## Notes

{{reflist|30em}}

• Bruss, F. Thomas (2013), "250 years of 'An Essay towards solving a Problem in the Doctrine of Chance. By the late Rev. Mr. Bayes, communicated by Mr. Price, in a letter to John Canton, A. M. F. R. S.'," {{doi|10.1365/s13291-013-0077-z}}, Jahresbericht der Deutschen Mathematiker-Vereinigung, Springer Verlag, Vol. 115, Issue 3-4 (2013), 129-133.
• Gelman, A, Carlin, JB, Stern, HS, and Rubin, DB (2003), "Bayesian Data Analysis," Second Edition, CRC Press.
• Grinstead, CM and Snell, JL (1997), "Introduction to Probability (2nd edition)," American Mathematical Society (free pdf available) weblink.
• {{springer|title=Bayes formula|id=p/b015380}}
• BOOK, McGrayne, SB, The Theory That Would Not Die: How Bayes' Rule Cracked the Enigma Code, Hunted Down Russian Submarines & Emerged Triumphant from Two Centuries of Controversy, Yale University Press, 2011, 978-0-300-18822-6,
• Laplace, P (1774/1986), "Memoir on the Probability of the Causes of Events", Statistical Science 1(3):364â€“378.
• Lee, Peter M (2012), "Bayesian Statistics: An Introduction," 4th edition. Wiley. {{ISBN|978-1-118-33257-3}}.
• JOURNAL, 31 March 2015, Bayes' theorem,weblink Nat. Methods, Nature Methods, 12, 4, 277â€“278, Puga JL, Krzywinski M, Altman N,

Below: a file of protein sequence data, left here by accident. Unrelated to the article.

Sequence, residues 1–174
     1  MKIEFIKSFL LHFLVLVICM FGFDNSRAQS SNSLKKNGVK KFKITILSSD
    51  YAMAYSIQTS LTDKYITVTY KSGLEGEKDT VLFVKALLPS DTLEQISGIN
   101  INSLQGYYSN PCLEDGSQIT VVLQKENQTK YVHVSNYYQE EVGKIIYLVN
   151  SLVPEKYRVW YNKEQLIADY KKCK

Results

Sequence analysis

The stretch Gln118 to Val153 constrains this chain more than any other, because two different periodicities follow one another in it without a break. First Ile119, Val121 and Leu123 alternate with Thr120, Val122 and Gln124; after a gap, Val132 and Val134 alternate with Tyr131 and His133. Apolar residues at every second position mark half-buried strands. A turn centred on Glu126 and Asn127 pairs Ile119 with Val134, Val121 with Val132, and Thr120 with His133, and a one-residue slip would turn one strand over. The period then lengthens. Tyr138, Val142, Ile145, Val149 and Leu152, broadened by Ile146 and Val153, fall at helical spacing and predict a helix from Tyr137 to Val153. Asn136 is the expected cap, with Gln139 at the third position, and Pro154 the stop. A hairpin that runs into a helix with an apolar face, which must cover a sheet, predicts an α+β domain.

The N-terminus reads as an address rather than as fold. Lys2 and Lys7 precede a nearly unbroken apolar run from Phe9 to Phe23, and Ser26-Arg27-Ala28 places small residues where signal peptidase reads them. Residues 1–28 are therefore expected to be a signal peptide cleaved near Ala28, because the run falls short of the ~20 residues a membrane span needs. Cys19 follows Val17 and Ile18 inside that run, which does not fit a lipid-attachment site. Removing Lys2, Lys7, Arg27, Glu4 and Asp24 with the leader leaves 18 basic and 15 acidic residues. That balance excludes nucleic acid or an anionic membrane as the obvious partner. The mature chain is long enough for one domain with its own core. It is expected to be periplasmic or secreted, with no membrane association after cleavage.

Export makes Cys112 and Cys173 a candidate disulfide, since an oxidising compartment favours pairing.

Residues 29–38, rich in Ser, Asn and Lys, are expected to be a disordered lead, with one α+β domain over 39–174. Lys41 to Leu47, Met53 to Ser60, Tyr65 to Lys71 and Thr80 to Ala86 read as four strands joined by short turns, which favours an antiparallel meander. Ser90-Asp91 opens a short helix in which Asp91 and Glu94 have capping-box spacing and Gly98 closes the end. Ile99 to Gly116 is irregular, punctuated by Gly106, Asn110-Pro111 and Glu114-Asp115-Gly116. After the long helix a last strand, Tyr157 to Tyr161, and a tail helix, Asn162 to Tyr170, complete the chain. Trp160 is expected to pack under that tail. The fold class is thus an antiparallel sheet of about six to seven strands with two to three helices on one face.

• Rosenthal, Jeffrey S (2005), "Struck by Lightning: The Curious World of Probabilities." HarperCollins. (Granta, 2008. {{ISBN|9781862079960}}).
• JOURNAL, Stigler, SM, 1986, Laplace's 1774 Memoir on Inverse Probability, Statistical Science, 1, 3, 359â€“363, 10.1214/ss/1177013620,
• Stone, JV (2013), download chapter 1 of "Bayes' Rule: A Tutorial Introduction to Bayesian Analysis", Sebtel Press, England.
• Bayesian Reasoning for Intelligent People, An introduction and tutorial to the use of Bayes' theorem in statistics and cognitive science.
• Morris, Dan (2016), Read first 6 chapters for free of "Bayes' Theorem Examples: A Visual Introduction For Beginners" Blue Windmill {{ISBN|978-1549761744}}. A short tutorial on how to understand problem scenarios and find P(B), P(A), and P(B|A).